Why are months so weird?

Calendars throughout history have struggled to be logical and maintain synchronism between the lunar cycle (about 29.5 days) and the solar year (about 365.25 days).

Most systems include a bodge factor or intercalary months or days to bring things back into line, with varying degrees of accuracy.

Sumerian

The ancient Sumerian calendar had 12 months divided into 29 or 30 days with an extra month added periodically.  As there was considerable religious diversity, months were named “first month”, “second month” etc.  There were no weeks.

Ancient Greece

The ancient Greeks also used a 12 month calendar and added an extra month every other year.

The Greek calendar was as follows:

  • Hekatombion,
  • Metageitnion,
  • Boedromion,
  • Pyanepsion,
  • Maimakterion,
  • Poseidon,
  • Gamelion,
  • Anthesterion,
  • Elaphebolion,
  • Munychion,
  • Thargelion,
  • Skirophorion

The extra month was added after Poseidon and was called second Poseidon.

The length of each month (29 or 30 days) was announced at the start of the month to try and synch with the lunar cycles and usually alternated between 29 and 30 days but occasionally there would be two 29 day months in a row.

Ancient Egypt

The ancient Egyptian calendar was split into three seasons, each with four months of 30 days.  Each month was divided into three 10-day periods known as decans or decades.  Workers did not have to work on the last two days of the decans.

An extra month of 5 days was added every year and was not considered as part of the year.  The Egyptian priests refused to add a further day every four years (like a modern leap day) causing the calendar to drift until eventually it was replaced.

  • Akhet Thoth (First Month of Flood)
  • Akhet Phaophi (Second Month of Flood)
  • Akhet Athyr (Third Month of Flood)
  • Akhet Chioak (Fourth Month of Flood)
  • Peret Tybi (First Month of Growth)
  • Peret Mechir (Second Month of Growth)
  • Peret Phamenoth (Third Month of Growth)
  • Peret Pharmuthi (Fourth Month of Growth)
  • Shemu Pachons (First Month of Low Water)
  • Shemu Payni (Second Month of Low Water)
  • Shemu Epiphi (Third Month of Low Water)
  • Shemu Mesore (Fourth Month of Low Water)
  • Extra month

Roman

The ancient Roman calendar is believed to have 10 months of 30 or 31 days with 50 days of “unorganised winter”.  It is more likely that months were added to bring things back into synch.

  • March (Month of Mars – 31 days)
  • April (Unknown derivation – 30 days)
  • May (Unknown derivation – 31 days)
  • June (Month of Juno – 30 days)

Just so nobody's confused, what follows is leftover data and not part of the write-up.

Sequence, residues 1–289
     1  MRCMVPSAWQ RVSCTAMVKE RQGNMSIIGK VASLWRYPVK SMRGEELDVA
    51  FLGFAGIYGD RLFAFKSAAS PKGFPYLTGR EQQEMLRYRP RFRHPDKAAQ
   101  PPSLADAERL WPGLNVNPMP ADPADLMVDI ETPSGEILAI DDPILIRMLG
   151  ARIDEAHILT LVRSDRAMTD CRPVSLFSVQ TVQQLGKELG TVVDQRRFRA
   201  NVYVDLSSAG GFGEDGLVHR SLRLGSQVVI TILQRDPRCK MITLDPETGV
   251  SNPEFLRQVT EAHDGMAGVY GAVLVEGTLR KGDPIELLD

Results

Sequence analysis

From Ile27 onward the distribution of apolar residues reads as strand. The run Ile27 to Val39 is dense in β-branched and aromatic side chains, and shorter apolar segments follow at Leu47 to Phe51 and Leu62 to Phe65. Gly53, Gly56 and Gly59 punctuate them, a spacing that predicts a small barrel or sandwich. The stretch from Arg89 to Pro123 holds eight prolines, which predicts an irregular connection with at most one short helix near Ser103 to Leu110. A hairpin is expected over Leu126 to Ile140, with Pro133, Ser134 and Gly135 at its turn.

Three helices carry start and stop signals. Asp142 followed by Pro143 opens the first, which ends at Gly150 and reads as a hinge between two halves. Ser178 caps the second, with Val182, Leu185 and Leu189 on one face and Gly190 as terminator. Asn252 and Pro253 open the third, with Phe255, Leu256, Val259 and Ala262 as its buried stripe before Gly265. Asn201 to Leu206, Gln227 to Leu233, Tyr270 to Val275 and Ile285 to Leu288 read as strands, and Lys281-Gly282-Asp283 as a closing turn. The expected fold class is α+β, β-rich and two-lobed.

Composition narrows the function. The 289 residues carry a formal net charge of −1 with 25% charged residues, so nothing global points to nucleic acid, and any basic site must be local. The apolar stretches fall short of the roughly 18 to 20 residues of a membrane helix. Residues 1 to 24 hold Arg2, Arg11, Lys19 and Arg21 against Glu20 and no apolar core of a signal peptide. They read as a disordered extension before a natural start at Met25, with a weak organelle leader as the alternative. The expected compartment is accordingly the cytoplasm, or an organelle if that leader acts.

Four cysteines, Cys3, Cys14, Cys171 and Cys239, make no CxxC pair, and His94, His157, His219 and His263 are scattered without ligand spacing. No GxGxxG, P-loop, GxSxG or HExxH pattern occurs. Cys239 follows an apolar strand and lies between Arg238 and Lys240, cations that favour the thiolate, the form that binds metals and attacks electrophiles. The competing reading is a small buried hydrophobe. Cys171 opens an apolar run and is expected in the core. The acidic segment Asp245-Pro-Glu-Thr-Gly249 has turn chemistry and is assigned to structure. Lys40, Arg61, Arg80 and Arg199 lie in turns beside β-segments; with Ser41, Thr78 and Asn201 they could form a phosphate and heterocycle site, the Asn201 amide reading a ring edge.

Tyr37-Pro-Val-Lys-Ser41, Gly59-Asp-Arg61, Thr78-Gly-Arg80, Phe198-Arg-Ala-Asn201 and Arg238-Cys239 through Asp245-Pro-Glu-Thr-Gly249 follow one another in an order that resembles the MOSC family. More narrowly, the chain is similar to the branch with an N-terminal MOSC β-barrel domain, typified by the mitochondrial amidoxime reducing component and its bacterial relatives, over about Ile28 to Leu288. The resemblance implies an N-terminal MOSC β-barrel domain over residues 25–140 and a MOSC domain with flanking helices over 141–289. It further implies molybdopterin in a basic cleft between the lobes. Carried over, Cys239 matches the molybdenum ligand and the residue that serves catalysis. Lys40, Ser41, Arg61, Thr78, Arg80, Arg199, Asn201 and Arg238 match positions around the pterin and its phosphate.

• Quintilis (Fifth Month – 31 days)
  • Sextilis (Sixth Month – 30 days)
  • September (Seventh Month – 30 days)
  • October (Eighth Month – 31 days)
  • November (Ninth Month – 30 days)
  • December (Tenth Month – 30 days)
  • Extra Month/Period (50 days)

The calendar of the Roman Republic mostly followed the greek system and added two months of  January and February but did not follow the 29/30 day system.

Instead, they defined 31 days for “lucky” months (relating to superstitions about odd numbers) and 29 days for other months, except February which had 28 days for 3 years and an additional day on the fourth year (leap day).

The intercalary month (extra days) was added in the middle of February.  February was the first month of the year so the numbering remained consistent.

  • January (Month of Janus – 29 days)
  • February (Month of Februa – 28 days)
  • Mercedonius (Month of Wages – intercalary month – 23 days)
  • March (Month of Mars – 31 days)
  • April (Unknown derivation – 29 days)
  • May (Unknown derivation – 31 days)
  • June (Month of Juno – 29 days)
  • Quintilis (Fifth Month – 31 days)
  • Sextilis (Sixth Month – 29 days)
  • September (Seventh Month – 29 days)
  • October (Eighth Month – 31 days)
  • November (Ninth Month – 29 days)
  • December (Tenth Month – 29 days)

There was still some drift, and when Julius Caesar rose to power he ordered a reformation of the calendar (46BC).

To realign the calendar  (in 46BC) he extended the year to 445 days by the addition of two months between November and December and these were known as Intercalaris Prior and Intercalaris Posterior.

10 days were added to the previous calendar of 355 days to create a year of 365 days. Two extra days were added to January, Sextilis and December, and one extra day was added to April, June, September and November.  February remained unchanged as 28 days expect in leap years when it became 29 days.  These lengths continue to be used today.

The additional intercalary day was added five days before the end of February replacing the old Month of Wages intercalary month.

Quintilis was renamed Julius (July) in 44BC and Sextilis as Augustus (August) in 8 BC.

The Julian calendar corrected most of the problems with drift but a 0.002% drift remained.

Gregorian Calendar

The Gregorian calendar, ordered by Pope Gregory XIII to help set the date for Easter,  corrected the small drift inherent in the Julian calendar by adding the following rules:

Every year that is exactly divisible by four is a leap year, except for years that are exactly divisible by 100, but these centurial years are leap years if they are exactly divisible by 400.
For example, the years 1700, 1800, and 1900 are not leap years, but the years 1600 and 2000 are.

This is the calendar that is in common use today.

 

 

 

 

 

 

 

 

 

 

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